Happy Ethiopian New Year! It is now 2011! We start invites today at lunch time, honored to be invited out, not so excited about all the meat. :)
When we first moved to Awi Land, I was educated by a person who had lived here. As she informed me that Awi mothers do not name their babies for several years because they do not love them and they are afraid of the babies dying and did not want to get attached, I accepted it as a sad, backwards reality. As time passed, I had the opportunity to know Awi mothers. Watching them with their infants and toddlers this narrative no longer fit because I saw mothers, who like women across the planet, deeply loved their children. We asked questions and learned the interesting fact that the babies are not named, because of love. Because of the belief that naming a child draws attention to the precious baby in the spiritual realm and brings unwanted opening to spiritual darkness. The more beautiful the baby is, the more the baby is hidden out of fear someone else will curse the child .
Some of the ways I interacted with or thought of my community make me cringe. It’s been years of having my cultural biases and assumptions challenged and stripped away. I am sure in five more years, I will look at my now-self and feel the same way. It’s one of the best and hardest parts of walking with Christ, the painful, beautiful process of sanctification.
Much of my sanctification has come through challenge to ideas I cling to as absolute. God uses many avenues for stripping us bare. He has repeatedly pushed me into uncomfortable spaces where I hear voices different than those I choose to surround myself with and I am learning the precious, fragile beauty of learning the “other” story, hearing the “other” voice. Recently, Ethiopia has initiated a peace with Eritrea. For the Ethiopian person who has had relationship and life-on-life time with an Eritrean, their reaction towards the peace treaty is one of joy. This is in contrast to an Ethiopian person who hasn’t had any relationship with an Eritrean and has heard negative stereotypes (stereotypes are rooted in truth but are never the complete story). Their reaction will most likely be fear and anger as Eritreans can be portrayed as heartless, warmongers. When the “other” story is absent, there’s no voice to challenge these assumptions and stereotypes. And in this space is fertile ground for Satan to grow fear, prejudice and cold-heartedness.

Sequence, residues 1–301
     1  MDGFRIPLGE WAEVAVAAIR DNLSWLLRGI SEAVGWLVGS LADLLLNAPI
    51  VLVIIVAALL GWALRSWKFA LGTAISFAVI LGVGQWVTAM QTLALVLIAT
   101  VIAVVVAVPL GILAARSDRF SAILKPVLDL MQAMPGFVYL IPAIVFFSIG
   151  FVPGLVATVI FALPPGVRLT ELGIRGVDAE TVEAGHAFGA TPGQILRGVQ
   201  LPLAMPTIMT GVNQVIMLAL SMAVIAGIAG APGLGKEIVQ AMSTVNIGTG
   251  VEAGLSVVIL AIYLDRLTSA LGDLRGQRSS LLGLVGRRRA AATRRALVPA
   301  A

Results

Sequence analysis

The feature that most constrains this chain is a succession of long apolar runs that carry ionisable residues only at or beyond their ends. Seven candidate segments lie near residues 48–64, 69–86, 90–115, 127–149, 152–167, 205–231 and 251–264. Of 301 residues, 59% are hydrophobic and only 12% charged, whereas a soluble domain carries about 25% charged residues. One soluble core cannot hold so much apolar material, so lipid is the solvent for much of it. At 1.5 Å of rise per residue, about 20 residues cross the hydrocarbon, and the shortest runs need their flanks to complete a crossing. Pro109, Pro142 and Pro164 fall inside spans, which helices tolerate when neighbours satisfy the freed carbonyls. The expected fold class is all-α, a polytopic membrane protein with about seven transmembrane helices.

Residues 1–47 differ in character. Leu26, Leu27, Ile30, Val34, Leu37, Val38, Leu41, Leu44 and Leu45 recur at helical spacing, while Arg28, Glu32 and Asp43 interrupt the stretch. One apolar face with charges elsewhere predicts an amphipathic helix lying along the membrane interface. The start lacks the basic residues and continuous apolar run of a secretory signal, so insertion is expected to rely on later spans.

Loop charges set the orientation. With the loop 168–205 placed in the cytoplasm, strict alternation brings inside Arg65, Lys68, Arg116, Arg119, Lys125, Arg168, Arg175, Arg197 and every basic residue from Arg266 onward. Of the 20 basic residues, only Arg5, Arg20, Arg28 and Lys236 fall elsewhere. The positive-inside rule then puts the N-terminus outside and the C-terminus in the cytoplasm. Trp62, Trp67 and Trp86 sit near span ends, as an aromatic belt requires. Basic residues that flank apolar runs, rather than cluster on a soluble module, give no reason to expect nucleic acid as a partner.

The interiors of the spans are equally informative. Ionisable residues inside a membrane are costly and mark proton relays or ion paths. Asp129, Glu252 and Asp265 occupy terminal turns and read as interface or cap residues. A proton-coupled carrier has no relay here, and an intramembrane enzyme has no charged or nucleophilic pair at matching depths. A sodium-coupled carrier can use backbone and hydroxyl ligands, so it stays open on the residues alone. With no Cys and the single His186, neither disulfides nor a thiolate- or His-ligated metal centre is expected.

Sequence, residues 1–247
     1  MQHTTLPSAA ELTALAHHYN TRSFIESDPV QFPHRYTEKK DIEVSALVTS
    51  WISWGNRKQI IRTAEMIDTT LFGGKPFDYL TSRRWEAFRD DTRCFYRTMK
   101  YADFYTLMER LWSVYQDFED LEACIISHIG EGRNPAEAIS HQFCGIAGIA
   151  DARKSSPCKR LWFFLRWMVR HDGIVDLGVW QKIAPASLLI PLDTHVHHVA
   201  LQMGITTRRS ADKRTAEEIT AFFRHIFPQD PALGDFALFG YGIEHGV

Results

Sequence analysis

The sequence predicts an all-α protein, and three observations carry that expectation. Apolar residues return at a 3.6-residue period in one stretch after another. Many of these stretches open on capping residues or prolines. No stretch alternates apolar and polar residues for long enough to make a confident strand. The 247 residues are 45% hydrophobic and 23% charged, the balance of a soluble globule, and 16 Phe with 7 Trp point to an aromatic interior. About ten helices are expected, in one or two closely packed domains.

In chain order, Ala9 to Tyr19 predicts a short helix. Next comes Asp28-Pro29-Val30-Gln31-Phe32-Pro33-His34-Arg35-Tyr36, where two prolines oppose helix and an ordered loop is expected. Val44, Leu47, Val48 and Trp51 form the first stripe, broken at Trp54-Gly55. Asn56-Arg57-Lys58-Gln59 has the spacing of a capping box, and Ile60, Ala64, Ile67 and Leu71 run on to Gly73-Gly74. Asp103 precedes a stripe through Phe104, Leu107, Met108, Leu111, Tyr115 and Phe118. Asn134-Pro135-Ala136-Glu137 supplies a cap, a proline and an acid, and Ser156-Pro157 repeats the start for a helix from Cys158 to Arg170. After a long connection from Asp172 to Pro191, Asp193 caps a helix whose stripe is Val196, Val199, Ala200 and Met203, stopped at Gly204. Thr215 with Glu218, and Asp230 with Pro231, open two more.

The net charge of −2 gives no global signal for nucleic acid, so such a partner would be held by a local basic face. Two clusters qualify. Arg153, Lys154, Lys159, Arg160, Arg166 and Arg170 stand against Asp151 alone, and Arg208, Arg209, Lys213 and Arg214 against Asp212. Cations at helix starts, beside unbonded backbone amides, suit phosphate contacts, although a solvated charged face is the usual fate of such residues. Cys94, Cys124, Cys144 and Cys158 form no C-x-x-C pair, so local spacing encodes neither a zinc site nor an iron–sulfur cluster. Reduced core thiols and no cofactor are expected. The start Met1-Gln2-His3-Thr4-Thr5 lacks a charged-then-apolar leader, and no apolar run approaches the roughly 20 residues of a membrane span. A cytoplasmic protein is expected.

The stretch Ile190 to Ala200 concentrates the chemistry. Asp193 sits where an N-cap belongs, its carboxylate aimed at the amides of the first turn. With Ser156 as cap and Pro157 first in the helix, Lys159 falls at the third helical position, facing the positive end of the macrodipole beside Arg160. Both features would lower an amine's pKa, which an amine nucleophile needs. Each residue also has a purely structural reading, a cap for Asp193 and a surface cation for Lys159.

Reading books that challenge my inclinations and give different narratives aren’t always easy. I have a list of some of the most influential and paradigm shifting for me but the most challenging book I read, is God’s Word, the Holy Bible.
Forgive. Love. Submit. Live Justly. Choose joy. Dead in sin when Jesus loved me and died for me anyway. Turn the other cheek. And this is not even a start.
It’s a full-length mirror for me to gaze into and see my weakness but God’s strength. Jesus challenged the narratives of the religious people with His counter-culture self, scandalizing all who knew the law. The parable of the Good Samaritan is one example of Jesus offering a different narrative. To the Jews of the day, the Samaritans were a despised group, and the Jews would go days journey out of the way to make sure they didn’t have to cross Samaritan land or interact with a Samaritan. Then with a scandalizing character casting, Jesus passes over the priest and the Pharisee as his hero, but the human-scum, the hated, a Samaritan. And the Samaritan does what the religious people were expected to do. He loved the man in front of him, not as a hated enemy, but as a person of inherent worth.
I would love to hear stories of things that have shifted your paradigm? What has God used for you? Relationships? Books? What else?